The addition of fatty feed components to a dairy cow ration can influence ruminal fermentation, and hence methane formation in the rumen. In a study with 33 Holstein / Red Holstein dairy cows, the influence of two different types of oilseeds (extruded linseed and ground rapeseed) versus a control (rumen-stable fat) was investigated over a period of 12 weeks in terms of its impact on feed intake, milk yield, ruminal fermentation and methane emission. The feed intake and milk production of the individual animals was recorded daily. In addition, the milk constituents from an evening and morning milking of each animal were analysed on a weekly basis. Individual weekly methane release data were collected at two GreenFeed stations. In weeks 6, 9, 12 and 15 of the trial, ruminal fluid was sampled from 18 cows (six per treatment) using an esophageal probe and analysed for volatile fatty acids, ammonia, and selected microorganisms. Cows that were fed the extruded linseed consumed less feed and their milk had a lower fat content, although they produced more milk per day. Both types of oilseeds led to a 7% reduction in daily methane production in dairy cows, which was accompanied by a reduction in the relative incidence of methanogens in the rumen. Methane intensity (g/kg of energy corrected milk) was numerically reduced by 15 – 17% with both types of oilseeds. We conclude from the present study that a certain reduction in methane emissions can be achieved with oilseeds, but that the amount of reduction varies in terms of intensity according to the calculation basis used.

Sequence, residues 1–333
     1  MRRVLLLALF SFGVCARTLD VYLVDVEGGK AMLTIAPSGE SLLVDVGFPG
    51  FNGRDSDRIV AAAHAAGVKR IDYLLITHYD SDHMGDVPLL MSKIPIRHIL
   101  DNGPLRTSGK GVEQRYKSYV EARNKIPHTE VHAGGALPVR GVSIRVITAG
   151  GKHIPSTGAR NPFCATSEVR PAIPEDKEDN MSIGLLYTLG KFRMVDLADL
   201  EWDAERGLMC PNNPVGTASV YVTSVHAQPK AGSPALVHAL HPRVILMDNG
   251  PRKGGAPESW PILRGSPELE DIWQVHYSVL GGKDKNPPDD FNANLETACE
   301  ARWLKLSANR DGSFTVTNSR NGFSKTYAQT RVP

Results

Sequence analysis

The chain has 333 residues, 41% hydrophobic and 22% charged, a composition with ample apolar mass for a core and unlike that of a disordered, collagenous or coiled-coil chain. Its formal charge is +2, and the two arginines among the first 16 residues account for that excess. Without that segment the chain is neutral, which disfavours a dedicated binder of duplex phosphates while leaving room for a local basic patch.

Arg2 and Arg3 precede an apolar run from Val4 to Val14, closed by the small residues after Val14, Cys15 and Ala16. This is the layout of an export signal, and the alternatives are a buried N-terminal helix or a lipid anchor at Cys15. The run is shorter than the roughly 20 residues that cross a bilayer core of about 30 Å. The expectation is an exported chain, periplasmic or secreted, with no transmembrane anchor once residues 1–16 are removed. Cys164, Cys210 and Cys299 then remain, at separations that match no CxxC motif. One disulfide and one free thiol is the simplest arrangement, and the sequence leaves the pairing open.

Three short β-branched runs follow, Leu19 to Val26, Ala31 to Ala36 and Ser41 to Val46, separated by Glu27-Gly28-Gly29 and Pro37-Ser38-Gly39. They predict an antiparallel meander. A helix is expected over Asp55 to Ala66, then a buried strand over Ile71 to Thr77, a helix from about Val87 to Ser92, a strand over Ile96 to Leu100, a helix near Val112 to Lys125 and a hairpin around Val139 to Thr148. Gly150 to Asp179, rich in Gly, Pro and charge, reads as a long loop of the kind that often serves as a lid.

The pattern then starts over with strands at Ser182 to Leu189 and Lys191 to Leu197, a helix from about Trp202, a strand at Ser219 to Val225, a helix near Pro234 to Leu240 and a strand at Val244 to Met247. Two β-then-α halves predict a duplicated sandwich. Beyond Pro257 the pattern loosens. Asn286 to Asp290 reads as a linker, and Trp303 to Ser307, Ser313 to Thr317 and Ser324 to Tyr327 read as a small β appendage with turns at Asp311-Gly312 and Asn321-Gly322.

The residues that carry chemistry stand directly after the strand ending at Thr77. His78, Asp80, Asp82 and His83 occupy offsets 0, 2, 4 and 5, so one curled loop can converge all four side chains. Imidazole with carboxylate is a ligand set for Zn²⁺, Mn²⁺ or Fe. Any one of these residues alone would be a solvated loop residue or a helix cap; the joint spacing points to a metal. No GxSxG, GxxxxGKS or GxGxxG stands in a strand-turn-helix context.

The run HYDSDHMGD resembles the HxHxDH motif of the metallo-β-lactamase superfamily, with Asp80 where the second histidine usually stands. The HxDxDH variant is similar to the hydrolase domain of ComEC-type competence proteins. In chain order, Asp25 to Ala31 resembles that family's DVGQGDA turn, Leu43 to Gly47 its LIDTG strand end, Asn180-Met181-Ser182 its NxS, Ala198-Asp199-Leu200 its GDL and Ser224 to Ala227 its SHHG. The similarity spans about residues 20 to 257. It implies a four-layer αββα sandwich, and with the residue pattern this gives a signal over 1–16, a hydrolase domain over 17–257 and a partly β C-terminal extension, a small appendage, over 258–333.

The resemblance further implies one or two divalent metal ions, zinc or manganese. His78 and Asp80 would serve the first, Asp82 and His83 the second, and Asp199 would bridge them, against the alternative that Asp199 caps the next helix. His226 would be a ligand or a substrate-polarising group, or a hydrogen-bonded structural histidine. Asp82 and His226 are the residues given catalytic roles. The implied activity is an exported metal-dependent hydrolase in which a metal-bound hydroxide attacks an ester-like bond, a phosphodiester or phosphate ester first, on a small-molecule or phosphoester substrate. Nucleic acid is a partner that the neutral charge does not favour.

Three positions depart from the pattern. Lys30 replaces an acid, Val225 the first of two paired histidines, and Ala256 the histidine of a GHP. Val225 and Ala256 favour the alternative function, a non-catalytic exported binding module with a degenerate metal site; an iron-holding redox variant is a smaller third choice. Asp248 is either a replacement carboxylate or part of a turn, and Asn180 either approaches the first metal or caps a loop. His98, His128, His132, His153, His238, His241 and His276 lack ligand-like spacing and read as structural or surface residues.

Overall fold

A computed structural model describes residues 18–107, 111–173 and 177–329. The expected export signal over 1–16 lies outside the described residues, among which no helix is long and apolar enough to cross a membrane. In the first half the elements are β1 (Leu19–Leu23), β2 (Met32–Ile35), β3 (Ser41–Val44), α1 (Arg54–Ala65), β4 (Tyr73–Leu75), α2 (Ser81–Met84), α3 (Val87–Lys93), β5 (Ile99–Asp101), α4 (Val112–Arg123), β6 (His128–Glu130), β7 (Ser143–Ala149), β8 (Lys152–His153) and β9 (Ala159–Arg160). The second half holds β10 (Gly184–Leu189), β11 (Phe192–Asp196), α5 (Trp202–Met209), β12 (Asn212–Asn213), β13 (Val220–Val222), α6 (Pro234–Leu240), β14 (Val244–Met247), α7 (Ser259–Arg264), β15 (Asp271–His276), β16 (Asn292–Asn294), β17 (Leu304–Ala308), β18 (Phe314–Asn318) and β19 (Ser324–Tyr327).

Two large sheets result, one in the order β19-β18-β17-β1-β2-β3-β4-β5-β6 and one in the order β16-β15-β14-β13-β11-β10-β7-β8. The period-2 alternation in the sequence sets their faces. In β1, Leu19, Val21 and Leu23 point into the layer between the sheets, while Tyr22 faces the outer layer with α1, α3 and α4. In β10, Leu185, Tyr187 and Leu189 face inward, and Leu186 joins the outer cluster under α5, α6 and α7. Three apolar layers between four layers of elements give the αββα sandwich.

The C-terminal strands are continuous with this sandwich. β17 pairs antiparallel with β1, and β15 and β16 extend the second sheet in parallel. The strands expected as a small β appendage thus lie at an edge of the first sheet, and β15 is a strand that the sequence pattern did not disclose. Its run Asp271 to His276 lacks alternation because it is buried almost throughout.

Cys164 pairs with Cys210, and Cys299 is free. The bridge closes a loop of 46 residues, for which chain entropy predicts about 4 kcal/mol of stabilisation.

Although milk-production oriented (MPO) cow breeds have also become established in the mountain region, farms with the dual-purpose ‘Original Simmental’ breed are proving to be economically viable, with lower costs and higher direct payments making up for lower revenues from milk.
High milk yields before drying-off increase the risk of udder infections during the dry period. An online survey highlights what drying-off methods are currently used and how farmers rate the ‘incomplete milking’ approach for reducing milk yield.
Herholz C., Siegwart J., Bruckmaier R.M., Rytz E., Lamon I., Muhr M. und Stirnimann R.
In both sport and alternative agriculture, horses are once again being used as draught animals. Efficient power transmission plays an important role in the wellbeing of draught horses.